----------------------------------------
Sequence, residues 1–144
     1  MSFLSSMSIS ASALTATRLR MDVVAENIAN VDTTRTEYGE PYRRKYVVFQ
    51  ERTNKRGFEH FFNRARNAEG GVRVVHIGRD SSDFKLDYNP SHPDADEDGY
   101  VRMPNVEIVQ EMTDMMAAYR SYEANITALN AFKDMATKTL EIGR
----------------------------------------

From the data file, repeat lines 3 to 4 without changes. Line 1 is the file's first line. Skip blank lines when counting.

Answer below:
    51  ERTNKRGFEH FFNRARNAEG GVRVVHIGRD SSDFKLDYNP SHPDADEDGY
   101  VRMPNVEIVQ EMTDMMAAYR SYEANITALN AFKDMATKTL EIGR